The Indian Government plans to develop 10 coastal economic regions as part of plans to revive the country´s Sagarmala (string of ports) project. The zones would be converted into manufacturing hubs, supported by port modernisation projects, and could span 300-500 km of the coastline. The government is also looking to develop the inland waterway sector as an alternative to road and rail routes to transport goods to the nation´s ports.
A memorandum of understanding (MoU) has been signed between the Inland Waterways Authority of India (IWAI) and Dedicated Freight Corridor Corporation of India (DFCCIL) to create logistics hubs with rail connectivity at Varanasi and other places in future on national waterways. The joint development of state-of-the-art logistics hubs at Varanasi would lead to the convergence of inland waterways with railways and roadways, thus providing a seamless, efficient, and cost-effective cargo transportation solution.
The Visakhapatnam Port Trust (VPT) has outlined an Rs.3,000 crore ($474.7 million) expansion cum modernisation plan aimed at enhancing the port´s capacity by nearly 50 per cent. The port is estimated to invest Rs.800 crore ($126.6 million), a fourth of the planned investment, while seeking private partners to invest the remainder by way of public-private partnerships (PPP).
Maharashtra´s Jawaharlal Nehru Port Trust (JNPT) plans to build a satellite port at Wadhwan near Dahanu (bordering Gujarat), which is estimated to cost Rs.10,000 crore ($1.56 billion) to build and is likely to ease congestion of ships at JNPT. The Union Minister for Minister of Shipping and Road Transport & Highways Nitin Gadkari stated that the Government of India has set an ambitious target to convert 101 rivers across the country into waterways to promote water transport and propel economic growth. The government plans to establish two new major ports, one at Sagar in West Bengal and the other at Dugarajapatnam in the Nellore district of Andhra Pradesh. The government is considering a proposal to set up an Integrated National Waterways Transport Grid (INWTG), which covers primarily five national waterways namely Ganga Bhagirathi Hooghly River System, Brahmaputra, West Coast Canal, Kakinada Puducherry Canal and East Coast Canal integrated with Brahmani and Mahanadi delta river system . The INWTG plan involves the development of these national waterways with at least 2.5 metre of least available depth (LAD), upgrade/setting up of priority terminals, and establishment of road connectivity (wherever feasible) and rail and port connectivity.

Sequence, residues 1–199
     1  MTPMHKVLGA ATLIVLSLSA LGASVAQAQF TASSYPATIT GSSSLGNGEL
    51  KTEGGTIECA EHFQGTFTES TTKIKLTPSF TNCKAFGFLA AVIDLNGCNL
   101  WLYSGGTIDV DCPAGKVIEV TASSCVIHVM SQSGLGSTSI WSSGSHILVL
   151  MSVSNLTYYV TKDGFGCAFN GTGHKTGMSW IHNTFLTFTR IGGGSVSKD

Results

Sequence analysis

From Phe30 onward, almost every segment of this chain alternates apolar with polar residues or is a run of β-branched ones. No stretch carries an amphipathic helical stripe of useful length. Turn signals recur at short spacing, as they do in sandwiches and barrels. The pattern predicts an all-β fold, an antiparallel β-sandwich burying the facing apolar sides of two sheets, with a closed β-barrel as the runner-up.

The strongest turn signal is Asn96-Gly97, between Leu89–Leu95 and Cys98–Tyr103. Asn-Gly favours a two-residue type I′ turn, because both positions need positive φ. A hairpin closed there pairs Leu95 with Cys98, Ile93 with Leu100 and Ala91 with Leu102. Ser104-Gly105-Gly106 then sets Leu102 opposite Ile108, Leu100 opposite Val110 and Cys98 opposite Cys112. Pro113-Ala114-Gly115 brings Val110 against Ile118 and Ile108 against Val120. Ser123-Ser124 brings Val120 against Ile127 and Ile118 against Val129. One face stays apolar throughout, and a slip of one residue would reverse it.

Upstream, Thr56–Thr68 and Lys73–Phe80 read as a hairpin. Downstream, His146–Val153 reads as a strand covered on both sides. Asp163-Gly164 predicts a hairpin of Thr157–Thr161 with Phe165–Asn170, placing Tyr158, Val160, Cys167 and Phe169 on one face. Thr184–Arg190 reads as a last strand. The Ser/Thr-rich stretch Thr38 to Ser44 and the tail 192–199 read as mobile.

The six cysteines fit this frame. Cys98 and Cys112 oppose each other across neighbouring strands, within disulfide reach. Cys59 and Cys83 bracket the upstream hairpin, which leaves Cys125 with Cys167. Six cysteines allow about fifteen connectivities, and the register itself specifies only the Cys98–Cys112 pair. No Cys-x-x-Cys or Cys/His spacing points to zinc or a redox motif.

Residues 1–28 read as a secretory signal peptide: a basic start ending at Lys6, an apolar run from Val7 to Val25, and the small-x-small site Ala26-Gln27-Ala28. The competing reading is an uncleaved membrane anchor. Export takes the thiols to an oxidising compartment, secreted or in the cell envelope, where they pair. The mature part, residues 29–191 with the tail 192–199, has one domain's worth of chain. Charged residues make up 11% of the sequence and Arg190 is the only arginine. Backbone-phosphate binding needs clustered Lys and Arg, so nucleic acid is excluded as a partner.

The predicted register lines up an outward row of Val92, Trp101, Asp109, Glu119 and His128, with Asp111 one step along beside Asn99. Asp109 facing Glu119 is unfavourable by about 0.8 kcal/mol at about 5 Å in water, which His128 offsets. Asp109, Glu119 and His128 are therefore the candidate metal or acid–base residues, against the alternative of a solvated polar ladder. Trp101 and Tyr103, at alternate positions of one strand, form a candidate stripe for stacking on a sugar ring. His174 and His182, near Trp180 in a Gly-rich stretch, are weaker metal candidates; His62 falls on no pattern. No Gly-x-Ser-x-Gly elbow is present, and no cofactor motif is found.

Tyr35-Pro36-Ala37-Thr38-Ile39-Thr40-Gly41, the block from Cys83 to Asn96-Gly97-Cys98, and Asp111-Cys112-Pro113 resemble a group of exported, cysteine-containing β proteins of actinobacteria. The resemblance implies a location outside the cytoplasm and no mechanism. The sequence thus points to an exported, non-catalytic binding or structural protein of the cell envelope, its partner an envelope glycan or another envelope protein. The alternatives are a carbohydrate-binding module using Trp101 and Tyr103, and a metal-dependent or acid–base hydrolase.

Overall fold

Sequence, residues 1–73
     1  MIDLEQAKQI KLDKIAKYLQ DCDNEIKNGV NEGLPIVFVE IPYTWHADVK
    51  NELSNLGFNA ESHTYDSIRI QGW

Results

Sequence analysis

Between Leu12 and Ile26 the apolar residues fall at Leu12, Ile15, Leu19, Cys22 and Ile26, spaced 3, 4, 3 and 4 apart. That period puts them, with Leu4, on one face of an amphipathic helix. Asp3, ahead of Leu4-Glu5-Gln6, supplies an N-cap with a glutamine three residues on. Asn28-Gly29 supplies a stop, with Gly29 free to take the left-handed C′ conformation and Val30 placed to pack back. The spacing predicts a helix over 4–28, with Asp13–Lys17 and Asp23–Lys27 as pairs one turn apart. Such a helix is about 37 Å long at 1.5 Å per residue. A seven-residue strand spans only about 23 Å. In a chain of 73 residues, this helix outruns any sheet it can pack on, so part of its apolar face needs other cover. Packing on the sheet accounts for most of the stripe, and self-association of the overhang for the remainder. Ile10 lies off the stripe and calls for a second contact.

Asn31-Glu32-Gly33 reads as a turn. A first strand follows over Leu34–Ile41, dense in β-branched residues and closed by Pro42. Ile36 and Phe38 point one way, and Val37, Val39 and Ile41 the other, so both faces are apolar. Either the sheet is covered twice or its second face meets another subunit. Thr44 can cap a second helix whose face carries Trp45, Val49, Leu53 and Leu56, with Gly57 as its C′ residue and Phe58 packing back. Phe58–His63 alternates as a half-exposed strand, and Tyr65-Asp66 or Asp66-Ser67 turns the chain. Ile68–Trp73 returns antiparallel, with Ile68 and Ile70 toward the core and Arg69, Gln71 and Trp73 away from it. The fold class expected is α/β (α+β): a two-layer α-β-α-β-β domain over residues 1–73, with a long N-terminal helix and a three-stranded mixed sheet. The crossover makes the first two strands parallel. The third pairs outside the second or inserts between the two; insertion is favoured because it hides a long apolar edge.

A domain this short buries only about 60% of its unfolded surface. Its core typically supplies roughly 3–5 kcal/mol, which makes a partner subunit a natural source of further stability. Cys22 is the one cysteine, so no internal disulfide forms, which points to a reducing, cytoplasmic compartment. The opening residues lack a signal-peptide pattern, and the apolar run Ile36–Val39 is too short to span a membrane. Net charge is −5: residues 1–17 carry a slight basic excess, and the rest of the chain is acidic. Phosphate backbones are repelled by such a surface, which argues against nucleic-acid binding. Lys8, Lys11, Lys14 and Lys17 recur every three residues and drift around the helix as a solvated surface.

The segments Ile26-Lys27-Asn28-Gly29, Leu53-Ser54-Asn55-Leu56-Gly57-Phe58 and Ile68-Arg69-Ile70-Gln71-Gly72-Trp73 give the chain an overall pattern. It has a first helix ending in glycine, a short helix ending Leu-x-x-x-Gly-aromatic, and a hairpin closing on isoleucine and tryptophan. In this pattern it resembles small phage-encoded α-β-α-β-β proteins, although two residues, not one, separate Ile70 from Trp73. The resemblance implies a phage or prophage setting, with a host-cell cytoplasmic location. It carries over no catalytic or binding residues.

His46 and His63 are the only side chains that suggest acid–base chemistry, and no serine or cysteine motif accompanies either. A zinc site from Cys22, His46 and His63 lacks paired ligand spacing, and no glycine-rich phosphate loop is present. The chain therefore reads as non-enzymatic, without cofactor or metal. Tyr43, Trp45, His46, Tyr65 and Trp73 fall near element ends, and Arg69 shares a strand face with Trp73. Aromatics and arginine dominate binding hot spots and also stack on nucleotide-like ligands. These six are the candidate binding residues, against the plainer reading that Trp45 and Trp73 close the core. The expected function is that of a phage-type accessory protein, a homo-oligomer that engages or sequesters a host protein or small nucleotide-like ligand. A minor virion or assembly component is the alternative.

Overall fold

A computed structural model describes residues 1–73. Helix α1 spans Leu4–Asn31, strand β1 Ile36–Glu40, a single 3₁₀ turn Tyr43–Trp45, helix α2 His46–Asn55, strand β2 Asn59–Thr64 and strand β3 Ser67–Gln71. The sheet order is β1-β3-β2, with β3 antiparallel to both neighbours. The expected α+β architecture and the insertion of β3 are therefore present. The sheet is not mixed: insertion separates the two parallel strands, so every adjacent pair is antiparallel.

The Ministry of Shipping has formulated a Perspective Plan ´The Maritime Agenda 2010-2020´ to develop the maritime sector. This plan includes forecasts for traffic and capacity additions at the ports up to 2020. The expected capacity of the ports is likely to be 3,130 MMT by 2019-20.
The Union Ministry of Shipping has chalked out a comprehensive plan to raise Rs.100,000 crore ($15.6 billion) to develop ports, build ships, and improve inland waterways in the country.
India´s growing investments by FDI, public-private sector thrust on ports, infrastructure, and increasing cargo traffic point toward a healthy outlook for the economy, in general and the Indian ports sector, in particular. Providers of services such as cargo operation and maintenance (O&M), pilotage and harbouring, and marine assets such as barges and dredgers are benefiting from these investments. The Planning Commission of India estimates an investment of Rs.180,626 crore ($28.6 billion) for the port industry in its 12th Five Year Plan. In addition, through ´The Maritime Agenda 2010-2020´, the Ministry of Shipping has set a target capacity of over 3,130 MMT by 2020, which would be driven by participation from the private sector. Non-major ports are expected to generate over 50 per cent of this capacity.
This article has been authored by Mansoor Kidwai, Senior Consultant, Transportation & Logistics Practice, Frost & Sullivan.